Views from an Injured Brain

This is a great post by Nick Verron. I just now discovered his blog, and already I’m getting a lot from what he has to say. Enjoy…

Nick Verron

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I write predominantly about issues I’ve experienced. Although my situation is very unique, I have come to realise that the resulting issues I’ve faced are shared by many. I would very much like to hear if others have experienced similar ones.

It’s scientifically argued that You are defined by the composition of your brain. It’s therefore justified to feel that when you’ve had a brain injury resulting in parts of your brain not functioning  properly, or at all, that the injury is to who you are. Basically, a brain injury makes You feel lesser.

A little clarification after a brain injury would go a long way in  limiting this destructive thought process. What defines who You are is your mind, which is a product of the early structure of your brain. Once formed though, it isn’t fixed. As we use a very small percentage of our brains, our minds can utilise spare brain

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Author: brokenbrilliant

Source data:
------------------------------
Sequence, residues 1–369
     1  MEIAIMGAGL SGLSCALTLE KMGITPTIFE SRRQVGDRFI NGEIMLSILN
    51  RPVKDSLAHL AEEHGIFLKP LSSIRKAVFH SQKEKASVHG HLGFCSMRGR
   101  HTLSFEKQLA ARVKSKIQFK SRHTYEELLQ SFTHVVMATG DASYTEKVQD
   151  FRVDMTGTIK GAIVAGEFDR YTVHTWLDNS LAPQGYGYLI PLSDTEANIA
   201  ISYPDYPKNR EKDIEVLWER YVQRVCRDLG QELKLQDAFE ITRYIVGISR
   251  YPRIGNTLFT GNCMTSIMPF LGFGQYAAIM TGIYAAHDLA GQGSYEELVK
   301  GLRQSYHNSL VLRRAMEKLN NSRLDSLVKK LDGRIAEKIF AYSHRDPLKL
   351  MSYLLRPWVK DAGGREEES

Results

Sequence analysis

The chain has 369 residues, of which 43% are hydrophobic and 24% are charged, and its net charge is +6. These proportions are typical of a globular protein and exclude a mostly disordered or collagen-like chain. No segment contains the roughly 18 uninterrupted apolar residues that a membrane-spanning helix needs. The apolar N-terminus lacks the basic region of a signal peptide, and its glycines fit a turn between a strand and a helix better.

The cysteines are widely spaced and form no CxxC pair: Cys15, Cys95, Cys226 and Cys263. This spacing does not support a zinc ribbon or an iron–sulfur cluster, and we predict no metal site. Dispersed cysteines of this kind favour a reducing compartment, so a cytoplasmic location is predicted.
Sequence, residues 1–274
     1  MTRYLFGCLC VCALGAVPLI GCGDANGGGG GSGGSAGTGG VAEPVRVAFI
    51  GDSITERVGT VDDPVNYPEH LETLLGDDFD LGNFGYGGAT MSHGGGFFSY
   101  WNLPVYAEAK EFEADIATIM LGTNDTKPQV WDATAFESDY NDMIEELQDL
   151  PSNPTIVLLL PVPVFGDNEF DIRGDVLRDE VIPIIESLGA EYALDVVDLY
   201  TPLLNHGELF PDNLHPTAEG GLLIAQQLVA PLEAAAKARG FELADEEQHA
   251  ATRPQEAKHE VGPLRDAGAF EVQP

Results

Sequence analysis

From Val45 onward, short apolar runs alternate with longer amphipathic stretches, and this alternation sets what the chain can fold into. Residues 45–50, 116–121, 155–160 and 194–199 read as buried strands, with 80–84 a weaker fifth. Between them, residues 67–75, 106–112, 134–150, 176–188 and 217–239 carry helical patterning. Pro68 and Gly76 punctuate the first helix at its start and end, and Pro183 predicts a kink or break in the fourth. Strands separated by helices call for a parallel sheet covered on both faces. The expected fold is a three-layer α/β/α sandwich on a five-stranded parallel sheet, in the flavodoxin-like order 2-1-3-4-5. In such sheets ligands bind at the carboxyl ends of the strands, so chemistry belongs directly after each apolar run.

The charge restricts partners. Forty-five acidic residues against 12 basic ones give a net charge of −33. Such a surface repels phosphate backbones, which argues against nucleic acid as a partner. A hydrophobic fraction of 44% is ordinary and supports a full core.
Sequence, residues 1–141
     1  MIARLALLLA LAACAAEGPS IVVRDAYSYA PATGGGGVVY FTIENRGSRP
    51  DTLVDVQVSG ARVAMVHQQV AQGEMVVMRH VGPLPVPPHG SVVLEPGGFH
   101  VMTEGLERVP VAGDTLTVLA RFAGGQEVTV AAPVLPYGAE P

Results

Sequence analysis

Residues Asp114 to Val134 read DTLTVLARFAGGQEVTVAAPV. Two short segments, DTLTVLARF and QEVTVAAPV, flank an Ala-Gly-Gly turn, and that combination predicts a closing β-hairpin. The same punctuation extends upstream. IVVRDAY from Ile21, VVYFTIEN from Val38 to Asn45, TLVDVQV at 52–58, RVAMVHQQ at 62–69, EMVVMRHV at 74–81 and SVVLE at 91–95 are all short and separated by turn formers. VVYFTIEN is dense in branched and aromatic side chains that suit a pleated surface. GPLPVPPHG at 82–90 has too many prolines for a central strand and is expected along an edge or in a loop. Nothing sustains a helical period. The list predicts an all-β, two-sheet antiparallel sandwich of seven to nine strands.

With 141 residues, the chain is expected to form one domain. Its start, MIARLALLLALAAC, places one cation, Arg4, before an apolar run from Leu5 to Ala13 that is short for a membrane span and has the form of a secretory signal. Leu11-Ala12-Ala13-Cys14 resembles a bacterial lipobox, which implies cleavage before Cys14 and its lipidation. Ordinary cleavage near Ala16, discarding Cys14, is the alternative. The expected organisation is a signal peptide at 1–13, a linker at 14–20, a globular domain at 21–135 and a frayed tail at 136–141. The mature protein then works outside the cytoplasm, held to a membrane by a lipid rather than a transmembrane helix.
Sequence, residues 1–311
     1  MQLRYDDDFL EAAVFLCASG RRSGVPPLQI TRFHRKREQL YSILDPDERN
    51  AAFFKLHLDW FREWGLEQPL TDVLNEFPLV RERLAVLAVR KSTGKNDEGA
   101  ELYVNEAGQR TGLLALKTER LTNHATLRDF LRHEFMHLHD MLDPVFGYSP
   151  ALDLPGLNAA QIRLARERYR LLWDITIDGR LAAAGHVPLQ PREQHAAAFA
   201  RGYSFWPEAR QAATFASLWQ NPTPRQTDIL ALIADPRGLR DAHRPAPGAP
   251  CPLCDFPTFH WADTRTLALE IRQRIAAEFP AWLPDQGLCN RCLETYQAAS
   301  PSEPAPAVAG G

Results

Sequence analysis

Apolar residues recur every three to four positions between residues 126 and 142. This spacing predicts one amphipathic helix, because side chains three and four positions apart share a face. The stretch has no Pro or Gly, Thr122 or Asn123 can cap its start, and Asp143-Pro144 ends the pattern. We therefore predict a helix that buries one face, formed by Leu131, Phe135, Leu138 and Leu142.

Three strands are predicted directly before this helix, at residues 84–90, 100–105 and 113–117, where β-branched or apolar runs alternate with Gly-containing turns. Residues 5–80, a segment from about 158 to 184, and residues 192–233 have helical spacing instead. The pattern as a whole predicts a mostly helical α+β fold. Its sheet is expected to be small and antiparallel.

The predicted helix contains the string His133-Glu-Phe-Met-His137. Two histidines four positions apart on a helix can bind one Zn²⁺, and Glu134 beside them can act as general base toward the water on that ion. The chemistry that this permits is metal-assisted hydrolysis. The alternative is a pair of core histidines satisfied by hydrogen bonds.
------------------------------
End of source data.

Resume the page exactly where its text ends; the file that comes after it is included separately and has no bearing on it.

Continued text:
I am a long-term multiple (mild) Traumatic Brain Injury (mTBI or TBI) survivor who experienced assaults, falls, car accidents, sports-related injuries in the 1960s, '70s, '80s, and '90s. My last mild TBI was in 2004, but it was definitely the worst of the lot. I never received medical treatment for my injuries, some of which were sports injuries (and you have to get back in the game!), but I have been living very successfully with cognitive/behavioral (social, emotional, functional) symptoms and complications since I was a young kid. I’ve done it so well, in fact, that virtually nobody knows that I sustained those injuries… and the folks who do know, haven’t fully realized just how it’s impacted my life. It has impacted my life, however. In serious and debilitating ways. I’m coming out from behind the shields I’ve put up, in hopes of successfully addressing my own (invisible) challenges and helping others to see that sustaining a TBI is not the end of the world, and they can, in fact, live happy, fulfilled, productive lives in spite of it all.

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